In 1963, three Canadian physicians gave a name to a rare condition which was characterized by a decline in brain function. The condition eventually led to those areas of the brain which were affected, dying as the nerve cells are destroyed. This disorder was named progressive supranuclear palsy (PSP) although it is sometimes referred to as Steele-Richardson-Olszewski syndrome after the physicians.
The disorder affects roughly 6 out of every 100,000 people. It has not been shown to affect any particular demographic, with men and women, regardless of geographic location or race, being affected somewhat equally. Some studies show a slightly higher prevalence of the condition among men. In rare cases, there have been patients who had the condition genetically passed down to them, but the pattern is not thought to be widespread.
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PSP has many symptoms, with the first signs for most affected persons being an inability to maintain their balance. This lack of balance leads to repeated falling. They may also begin to experience visual problems and become noticeably slower while doing normal tasks. Loved ones may also see a shift in the personality of those afflicted.
As the disorder progresses, affected persons begin to display signs of dementia and slurred speech. They will have problems swallowing, and moving their eyes, especially up and down, will be difficult. The muscles of the face may also contract, and the eyelids will not respond in the way they used to.
Swallowing is one of the essential functions of the human body. Clearly, if this becomes affected, drastic measures such as feeding tubes must be utilized to ensure that the patient is able to get much needed nutrients. Improper swallowing can also lead to lung infections or pneumonia.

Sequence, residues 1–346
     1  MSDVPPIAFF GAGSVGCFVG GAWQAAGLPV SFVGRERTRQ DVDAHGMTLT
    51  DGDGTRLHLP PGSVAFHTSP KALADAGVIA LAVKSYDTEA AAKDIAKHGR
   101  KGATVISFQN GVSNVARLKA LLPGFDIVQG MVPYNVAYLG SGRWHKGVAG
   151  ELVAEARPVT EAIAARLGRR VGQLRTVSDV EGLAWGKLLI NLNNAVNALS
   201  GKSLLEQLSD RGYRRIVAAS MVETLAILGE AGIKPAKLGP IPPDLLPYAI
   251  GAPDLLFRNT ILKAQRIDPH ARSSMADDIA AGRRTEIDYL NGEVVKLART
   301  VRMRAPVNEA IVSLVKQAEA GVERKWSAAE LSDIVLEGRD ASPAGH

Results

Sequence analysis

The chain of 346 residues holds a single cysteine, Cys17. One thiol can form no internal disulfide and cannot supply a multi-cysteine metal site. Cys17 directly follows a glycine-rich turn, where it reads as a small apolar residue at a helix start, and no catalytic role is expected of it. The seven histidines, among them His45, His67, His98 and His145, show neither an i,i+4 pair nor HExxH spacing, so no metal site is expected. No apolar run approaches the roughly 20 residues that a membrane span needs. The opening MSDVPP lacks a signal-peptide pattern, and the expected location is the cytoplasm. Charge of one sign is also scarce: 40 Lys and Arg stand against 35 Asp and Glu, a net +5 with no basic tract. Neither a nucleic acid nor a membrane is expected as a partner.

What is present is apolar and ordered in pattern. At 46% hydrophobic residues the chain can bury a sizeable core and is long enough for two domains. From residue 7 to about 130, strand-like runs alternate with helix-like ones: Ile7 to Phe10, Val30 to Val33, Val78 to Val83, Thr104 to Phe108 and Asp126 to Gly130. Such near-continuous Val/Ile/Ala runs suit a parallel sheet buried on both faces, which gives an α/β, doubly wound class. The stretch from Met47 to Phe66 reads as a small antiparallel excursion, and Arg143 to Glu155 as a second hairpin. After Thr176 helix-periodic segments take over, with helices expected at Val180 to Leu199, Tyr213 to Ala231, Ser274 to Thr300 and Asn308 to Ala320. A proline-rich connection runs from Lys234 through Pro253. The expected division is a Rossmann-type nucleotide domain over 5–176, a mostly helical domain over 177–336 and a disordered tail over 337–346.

However, supranuclear palsy swallowing therapy can be utilized to retrain patients to use their muscles. This will help to ensure that they can swallow safely. With supranuclear palsy swallowing therapy, a number of maneuvers may be implemented to help patients. These include the chin tuck, the head turn, the Mendelsohn Maneuver, supraglottic swallow, and also what is known as effortful swallowing. A speech therapist is often consulted along with other health care professionals. The speech therapist usually determines what swallowing techniques will be used in the therapy.
Supranuclear Pasly Swallowing Techniques
This involves moving the chin towards the chest while swallowing. This has the effect of preventing organic matter from entering the airway. The food is therefore directed away from the trachea and into the esophagus.
The Head Turn
Patients with supranuclear palsy may experience numbness or weakness on one side of the throat. By turning the head towards the weaker side the flow of food is restricted to the stronger area.
The Mendelsohn Maneuver
Here the patient is required to hold the thyroid cartilage up for a short period of time. The protrusion of the thyroid cartilage is what forms the Adam’s Apple. By doing this, the patient keeps the larynx in an elevated position which helps the upper esophageal muscles to loosen.
This method can be difficult for sufferers of progressive supranuclear palsy. It involves asking the patient to squeeze the neck and head muscles as hard as they can when they are swallowing. The added effort is expected to push the food past the trachea and down the esophagus.
This involves four steps to help with swallowing. The first thing the patient has to do is inhale and while holding their breath (the second step), then the food is moved into the swallowing position. The third step is to swallow while still holding the breath. Once the food is swallowed, the patient must then cough (the fourth step) in order to remove any food particles that may have gotten into the larynx.
Caring for an individual with progressive supranuclear palsy can be a taxing experience. It takes a toll not only on the patient but also on their loved ones who watch them slowly deteriorate. It should be noted that there is no cure for the condition, but many steps can be taken to ensure a level of comfort which is dependent on how quickly the disorder progresses. Once the swallowing therapy is no longer effective, then a feeding tube has to be used to ensure continued caloric intake.
Caregivers can also use spoons with special grips, plates with rims for meals, and try to make sure that there are no distractions when the patient is eating. It is also important to know the Heimlich maneuver just in case choking does occur.
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